I am very much less than impressed by the way in which, since the trans man story broke, various “friends” of the Beaumont Society have been doing the rounds of message boards and trying to claim this as a witch-hunt against their organisation.
That is diversionary, dishonest and really won’t wash. The simple fact is that, in journalistic terms, the BS outed the story and all their denials amount to little more than fairly disingenuous word play.
I have been fairly scathing in my reaction to this not because i have a specific axe to grind against the BS – or at least i didn’t before i started to encounter this defensiveness on their part – but because as a press professional, i was flabbergasted by the way in which they dealt with the press. I am seriously concerned, too, at the impact on the trans community if the main source for press comment is, essentially, a loose cannon.
Particularly given that the focus for press interest nowadays is on the transsexual end of things, while however much it may have evolved, the BS remains much more closely associated with the cross-dressing end.
In terms of professionalism, i find extraordinary public expression by a press officer of the view that the press “just” make it up.
I am flabbergasted that someone who answers the phone to the press claims not to have read a newspaper in ten years. Or that they see it as “success” to have such a high media profile because they give quotes when other organisations won’t.
And i am pretty unimpressed that a large chunk of the dealing with the press goes on verbally. No way: in a field as fraught as this, statements need to be by e-mail with limited follow-up questions allowed.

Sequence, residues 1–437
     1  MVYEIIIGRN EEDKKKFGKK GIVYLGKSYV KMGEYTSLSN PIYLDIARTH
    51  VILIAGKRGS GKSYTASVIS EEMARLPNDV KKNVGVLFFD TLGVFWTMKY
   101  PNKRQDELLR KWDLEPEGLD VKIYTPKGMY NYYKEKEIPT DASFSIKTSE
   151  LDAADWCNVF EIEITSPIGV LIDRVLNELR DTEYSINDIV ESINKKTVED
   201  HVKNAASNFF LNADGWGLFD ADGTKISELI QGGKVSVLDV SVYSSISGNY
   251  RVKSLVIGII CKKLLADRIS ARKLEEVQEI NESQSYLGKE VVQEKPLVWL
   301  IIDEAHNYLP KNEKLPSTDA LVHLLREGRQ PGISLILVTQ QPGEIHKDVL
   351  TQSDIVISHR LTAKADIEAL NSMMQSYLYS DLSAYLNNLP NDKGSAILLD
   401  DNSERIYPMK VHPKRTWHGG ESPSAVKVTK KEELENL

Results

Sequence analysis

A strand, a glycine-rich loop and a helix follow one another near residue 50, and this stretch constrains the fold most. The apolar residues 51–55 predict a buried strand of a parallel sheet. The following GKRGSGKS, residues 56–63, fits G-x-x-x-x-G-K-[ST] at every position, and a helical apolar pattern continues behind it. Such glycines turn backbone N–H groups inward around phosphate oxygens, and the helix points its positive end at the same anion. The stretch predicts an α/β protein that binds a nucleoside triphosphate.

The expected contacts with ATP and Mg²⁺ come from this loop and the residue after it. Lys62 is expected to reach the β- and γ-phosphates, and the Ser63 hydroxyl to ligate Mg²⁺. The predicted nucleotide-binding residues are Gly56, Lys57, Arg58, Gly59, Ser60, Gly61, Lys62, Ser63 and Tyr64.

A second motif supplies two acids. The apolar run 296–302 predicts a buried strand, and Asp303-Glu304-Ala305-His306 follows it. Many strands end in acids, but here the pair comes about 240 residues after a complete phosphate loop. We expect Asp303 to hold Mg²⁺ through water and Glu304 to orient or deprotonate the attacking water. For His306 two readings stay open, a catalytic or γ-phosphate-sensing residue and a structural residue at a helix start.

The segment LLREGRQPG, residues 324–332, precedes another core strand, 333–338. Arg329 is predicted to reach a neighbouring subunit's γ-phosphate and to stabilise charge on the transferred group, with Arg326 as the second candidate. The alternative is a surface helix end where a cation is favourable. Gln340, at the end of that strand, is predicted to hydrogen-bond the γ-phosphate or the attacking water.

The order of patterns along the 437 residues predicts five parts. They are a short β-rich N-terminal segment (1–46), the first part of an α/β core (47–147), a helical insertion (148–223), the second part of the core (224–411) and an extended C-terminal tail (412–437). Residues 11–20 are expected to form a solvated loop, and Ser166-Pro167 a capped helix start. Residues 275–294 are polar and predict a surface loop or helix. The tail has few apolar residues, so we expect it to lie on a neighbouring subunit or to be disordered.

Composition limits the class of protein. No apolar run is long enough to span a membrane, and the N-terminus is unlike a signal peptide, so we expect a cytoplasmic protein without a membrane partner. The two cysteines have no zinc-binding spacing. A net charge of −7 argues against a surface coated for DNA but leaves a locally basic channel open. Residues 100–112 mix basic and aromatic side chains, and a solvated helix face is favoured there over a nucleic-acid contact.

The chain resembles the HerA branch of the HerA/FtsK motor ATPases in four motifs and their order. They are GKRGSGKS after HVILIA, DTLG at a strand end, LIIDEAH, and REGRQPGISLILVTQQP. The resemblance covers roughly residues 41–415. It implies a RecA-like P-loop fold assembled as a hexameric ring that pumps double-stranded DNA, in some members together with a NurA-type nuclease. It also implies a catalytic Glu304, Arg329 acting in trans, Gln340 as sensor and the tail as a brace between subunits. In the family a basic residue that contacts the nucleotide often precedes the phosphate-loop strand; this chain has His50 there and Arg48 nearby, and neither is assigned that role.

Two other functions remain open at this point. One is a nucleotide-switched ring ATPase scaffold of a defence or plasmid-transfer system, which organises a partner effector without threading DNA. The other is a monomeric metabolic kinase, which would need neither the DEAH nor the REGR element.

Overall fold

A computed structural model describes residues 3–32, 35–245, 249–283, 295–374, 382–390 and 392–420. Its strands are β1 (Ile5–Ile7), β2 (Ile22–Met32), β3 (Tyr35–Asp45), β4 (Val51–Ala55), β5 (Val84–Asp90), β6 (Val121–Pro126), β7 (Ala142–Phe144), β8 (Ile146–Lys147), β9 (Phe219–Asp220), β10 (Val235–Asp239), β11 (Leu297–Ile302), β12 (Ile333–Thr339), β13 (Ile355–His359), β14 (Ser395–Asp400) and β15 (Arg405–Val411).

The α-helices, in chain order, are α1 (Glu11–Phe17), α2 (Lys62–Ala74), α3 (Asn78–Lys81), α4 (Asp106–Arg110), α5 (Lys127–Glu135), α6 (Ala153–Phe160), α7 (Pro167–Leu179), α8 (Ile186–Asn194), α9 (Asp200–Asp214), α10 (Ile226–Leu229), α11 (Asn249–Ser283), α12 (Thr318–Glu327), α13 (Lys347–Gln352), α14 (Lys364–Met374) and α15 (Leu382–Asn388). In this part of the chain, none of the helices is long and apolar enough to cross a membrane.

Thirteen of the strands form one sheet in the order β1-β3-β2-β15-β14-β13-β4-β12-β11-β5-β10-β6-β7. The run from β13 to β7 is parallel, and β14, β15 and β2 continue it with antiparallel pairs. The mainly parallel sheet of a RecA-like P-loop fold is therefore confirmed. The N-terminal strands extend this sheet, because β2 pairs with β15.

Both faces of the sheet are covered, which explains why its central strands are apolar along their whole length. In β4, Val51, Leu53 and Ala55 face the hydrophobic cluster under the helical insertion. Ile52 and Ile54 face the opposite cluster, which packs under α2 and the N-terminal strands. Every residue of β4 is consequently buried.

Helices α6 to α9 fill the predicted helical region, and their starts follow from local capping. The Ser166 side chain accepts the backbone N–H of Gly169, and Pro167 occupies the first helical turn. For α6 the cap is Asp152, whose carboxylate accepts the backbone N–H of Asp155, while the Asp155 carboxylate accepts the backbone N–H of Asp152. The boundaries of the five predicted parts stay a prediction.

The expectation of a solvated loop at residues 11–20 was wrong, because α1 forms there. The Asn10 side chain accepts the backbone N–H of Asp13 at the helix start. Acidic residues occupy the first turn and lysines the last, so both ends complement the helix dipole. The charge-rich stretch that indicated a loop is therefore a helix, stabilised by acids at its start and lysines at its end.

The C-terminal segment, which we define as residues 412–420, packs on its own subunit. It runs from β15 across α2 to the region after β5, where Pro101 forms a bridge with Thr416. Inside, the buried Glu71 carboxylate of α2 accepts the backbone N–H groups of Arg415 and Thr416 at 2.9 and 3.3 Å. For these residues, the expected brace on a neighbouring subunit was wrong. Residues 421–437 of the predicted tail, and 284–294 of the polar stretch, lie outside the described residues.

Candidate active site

There is one other thing that maybe I am picking up as a journalist, which others might miss. UK convention is NOT to name spokespersons for an organisation unless they specifically request that they should be quoted by name. That way, you can be sure that you are giving an organisational view on a matter.
Comment on a matter should usually come from a press officer or be agreed in advance with a press officer. Freelance talking to the press is a recipe for disaster.
In all the coverage I have seen, Joanna Darrell appears NOT to be given a title, but simply to be referenced as “of the Beaumont Society”.
That raises other serious questions.
Was she acting with the blessing of the hierarchy, in which case why is she not down as a spokesperson?
Or if she acted alone, then that raises another serious, serious issue of competence. For it implies that as far as the BS is concerned, individual organisers are free to chat to the press and disclose confidential information without referring the matter back up the line.
If that were the case, it would be a reason for no-one with any interest in confidentiality ever again speaking to the BS.
I do hope it is not the case. I would hope we can have some re-assurance on this.
Unfortunately, the track record so far suggest we may have a while to wait.